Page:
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That Wonderful Woman! Oh, How I Loathe Her.
The Tricky Emotion Between Idolizing And Despising

By Ann Hornaday
Washington Post Staff Writer
Wednesday, February 22, 2006

Do you idolspize?

Or, more to the point, whom do you idolspize?

Let me explain. It recently became clear to me that modern life has spawned a brand new emotion, that psychological sidewalk-crack between envy and idolatry that we often succeed in jumping over, but once in a while fall right through. That's where we meet them, those of superior beauty, character, talent and intelligence and, if friends, who are never less than loyal, supportive, generous and kind.

For this we loathe them.

It all began on a Thursday. I was at my computer idly scrolling through House & Home, that most invidious section of the New York Times, and there it was: a splashy article about New Yorker staff writer Susan Orlean, and the house she and her husband recently built in the Hudson Valley. An avid house-porn junkie and Susan Orlean fan, I devoured the story and eagerly accompanied Orlean as she took readers on a low-key Web tour of the glass-and-fieldstone showplace overlooking the Taconic mountains, a soaring yet serene sanctuary she described as "spacious but not pointlessly huge." The slide show's centerpiece was a photo of an understandably ecstatic-looking Orlean -- who even at 50 can still pull off her signature mane of long, red hair -- basking with her son and husband in the great room of an incredibly great house.

Within hours, Susan Orlean began acquiring even more real estate than her 55 acres in Columbia County, taking up residence in that part of my brain reserved for those I hold in equal parts esteem and contempt. In my head began a tiny little synaptic badminton game that goes something like this: I love Susan Orlean, I hate Susan Orlean, I wish I could be Susan Orlean, I'm not smart/pretty/talented/enterprising enough to be Susan Orlean. I idolize Susan Orlean. I despise Susan Orlean.

I idolspize Susan Orlean.

Please understand: I adore Susan Orlean and begrudge her nothing, not the New Yorker gig, the books, the close-up-ready face. Not even the two great movies based on her articles -- "Adaptation" and "Blue Crush" -- that opened the same year . Still, throughout the ensuing weekend, my mind obsessively returned to the same thoughts, the mewling laments of a puny inquisitor: She's got the career, the looks, the romance, the kid. Did she have to get the perfect house, too? Must her happiness, however justified, be so in-your-face? Must she be so promiscuous in her bliss?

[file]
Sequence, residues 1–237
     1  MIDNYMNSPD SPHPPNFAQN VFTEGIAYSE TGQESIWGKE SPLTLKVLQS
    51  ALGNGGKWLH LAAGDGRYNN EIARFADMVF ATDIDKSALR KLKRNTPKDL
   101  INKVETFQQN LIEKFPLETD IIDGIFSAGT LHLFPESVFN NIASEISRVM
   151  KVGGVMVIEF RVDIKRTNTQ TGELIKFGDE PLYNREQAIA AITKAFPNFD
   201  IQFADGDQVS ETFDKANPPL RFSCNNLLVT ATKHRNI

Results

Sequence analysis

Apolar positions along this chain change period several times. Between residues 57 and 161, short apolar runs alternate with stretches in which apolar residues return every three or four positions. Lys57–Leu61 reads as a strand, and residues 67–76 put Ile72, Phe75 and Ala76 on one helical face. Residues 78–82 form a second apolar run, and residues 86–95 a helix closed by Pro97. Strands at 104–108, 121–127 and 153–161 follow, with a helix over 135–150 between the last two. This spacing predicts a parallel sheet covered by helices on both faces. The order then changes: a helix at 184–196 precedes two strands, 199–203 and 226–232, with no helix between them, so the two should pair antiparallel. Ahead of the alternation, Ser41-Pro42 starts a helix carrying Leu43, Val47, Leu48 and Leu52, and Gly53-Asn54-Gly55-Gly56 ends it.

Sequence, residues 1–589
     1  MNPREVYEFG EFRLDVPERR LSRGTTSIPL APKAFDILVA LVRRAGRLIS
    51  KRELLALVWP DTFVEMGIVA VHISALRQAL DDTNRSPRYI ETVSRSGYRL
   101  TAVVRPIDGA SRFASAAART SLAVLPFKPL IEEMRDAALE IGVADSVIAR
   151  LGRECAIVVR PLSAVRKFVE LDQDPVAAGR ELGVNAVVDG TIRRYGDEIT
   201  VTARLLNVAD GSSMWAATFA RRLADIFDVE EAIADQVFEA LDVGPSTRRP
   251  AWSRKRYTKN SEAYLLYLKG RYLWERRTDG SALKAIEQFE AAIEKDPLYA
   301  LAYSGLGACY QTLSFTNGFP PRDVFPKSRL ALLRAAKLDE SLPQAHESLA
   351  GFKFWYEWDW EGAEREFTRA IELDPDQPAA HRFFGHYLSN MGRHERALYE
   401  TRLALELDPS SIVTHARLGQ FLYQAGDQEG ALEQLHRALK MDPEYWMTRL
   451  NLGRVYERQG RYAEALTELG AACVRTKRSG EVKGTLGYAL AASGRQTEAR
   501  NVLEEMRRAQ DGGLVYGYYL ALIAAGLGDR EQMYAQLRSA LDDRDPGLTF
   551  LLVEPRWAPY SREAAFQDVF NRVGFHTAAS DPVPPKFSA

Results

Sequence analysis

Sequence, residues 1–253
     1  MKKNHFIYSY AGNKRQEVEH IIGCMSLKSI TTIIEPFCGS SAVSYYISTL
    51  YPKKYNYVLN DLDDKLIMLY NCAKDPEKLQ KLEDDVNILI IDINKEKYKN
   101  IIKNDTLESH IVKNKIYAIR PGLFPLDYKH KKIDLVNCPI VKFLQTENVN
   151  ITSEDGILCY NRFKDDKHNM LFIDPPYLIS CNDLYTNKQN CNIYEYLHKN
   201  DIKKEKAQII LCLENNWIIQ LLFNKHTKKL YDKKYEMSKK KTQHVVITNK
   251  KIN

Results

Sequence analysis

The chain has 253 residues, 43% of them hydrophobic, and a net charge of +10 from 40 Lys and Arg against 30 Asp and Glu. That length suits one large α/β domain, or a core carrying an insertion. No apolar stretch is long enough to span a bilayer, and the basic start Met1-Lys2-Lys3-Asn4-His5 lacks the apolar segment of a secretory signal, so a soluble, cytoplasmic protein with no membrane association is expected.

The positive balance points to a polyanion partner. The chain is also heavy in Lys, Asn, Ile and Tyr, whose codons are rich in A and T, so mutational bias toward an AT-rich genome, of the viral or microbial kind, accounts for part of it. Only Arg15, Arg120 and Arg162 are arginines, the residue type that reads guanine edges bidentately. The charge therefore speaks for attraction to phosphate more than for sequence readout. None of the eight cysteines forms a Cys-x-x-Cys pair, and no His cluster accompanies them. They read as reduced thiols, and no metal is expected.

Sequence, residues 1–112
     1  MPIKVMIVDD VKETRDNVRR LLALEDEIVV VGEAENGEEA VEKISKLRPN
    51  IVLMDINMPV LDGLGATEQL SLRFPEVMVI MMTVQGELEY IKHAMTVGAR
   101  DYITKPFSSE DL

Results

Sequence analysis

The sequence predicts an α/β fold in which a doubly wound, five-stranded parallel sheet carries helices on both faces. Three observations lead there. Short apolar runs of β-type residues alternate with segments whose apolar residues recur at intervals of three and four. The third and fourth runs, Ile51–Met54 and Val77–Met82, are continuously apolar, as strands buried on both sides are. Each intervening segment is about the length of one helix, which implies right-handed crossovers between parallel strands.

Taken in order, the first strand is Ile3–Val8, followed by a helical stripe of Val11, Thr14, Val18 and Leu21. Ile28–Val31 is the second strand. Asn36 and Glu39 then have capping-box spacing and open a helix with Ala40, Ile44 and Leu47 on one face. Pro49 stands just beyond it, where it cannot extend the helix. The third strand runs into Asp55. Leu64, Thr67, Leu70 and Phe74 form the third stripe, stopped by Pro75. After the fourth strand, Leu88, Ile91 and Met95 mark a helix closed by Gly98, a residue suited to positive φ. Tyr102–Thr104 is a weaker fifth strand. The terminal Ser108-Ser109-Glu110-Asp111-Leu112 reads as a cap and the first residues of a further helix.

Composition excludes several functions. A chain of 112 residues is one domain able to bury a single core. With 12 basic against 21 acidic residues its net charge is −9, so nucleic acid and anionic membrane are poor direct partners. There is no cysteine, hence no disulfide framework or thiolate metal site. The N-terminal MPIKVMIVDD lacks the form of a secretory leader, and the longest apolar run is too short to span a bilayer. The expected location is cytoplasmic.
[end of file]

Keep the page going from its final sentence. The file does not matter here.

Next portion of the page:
We all have them, those close friends, colleagues, casual acquaintances or complete strangers whose lives and careers exist -- it seems to us -- solely as a rebuke to our own. We respect them, admire them from afar, maybe even love them -- but with a twinge of . . . what exactly? Jealousy? Envy? White-knuckled rage? They're the people who are constantly reminding us that we'll never quite measure up. They're the valedictorians to our salutatorians, the bestsellers to our mid-listers, the mid-listers to our never-published, the homecoming queens to our also-rans. They seem to have sprung fully formed from our ugliest competitive streaks, our egos at their most fragile, our deepest self-loathing. They are our own squandered potential, fully realized.

Susan Orlean may be the most idolspicable person in my life, but there have been others: The college classmate, tall and gorgeous enough to be a supermodel, whose documentary was nominated for an Oscar. The acquaintance who, in an aerobics class 20 years ago in New York, giddily confided that she'd begun dating a then-unknown stand-up comedian; reader, she married him and he went on to create a mega-hit sitcom. The former colleague who underwent a transformation -- lightened her hair, got a divorce, quit her job -- into a fabulous-looking, critically acclaimed novelist with a hugely successful writer-producer boyfriend.

In New York, they're the guy you knew when you were both interns, who sold his Web site to Yahoo! and now owns a $5 million brownstone just down the street from the cramped walk-up you're still renting; in Los Angeles they're the fellow actor or screenwriter or director you see every day at Ralph's when, bam, he gets the big studio gig, she sells her script for seven figures, he's asked to pose for a Vanity Fair cover with Soderbergh and Scorsese. In Washington, they're one step closer to the committee chairman with one more Georgetown invitation or Tim Russert tete-a-tete than you.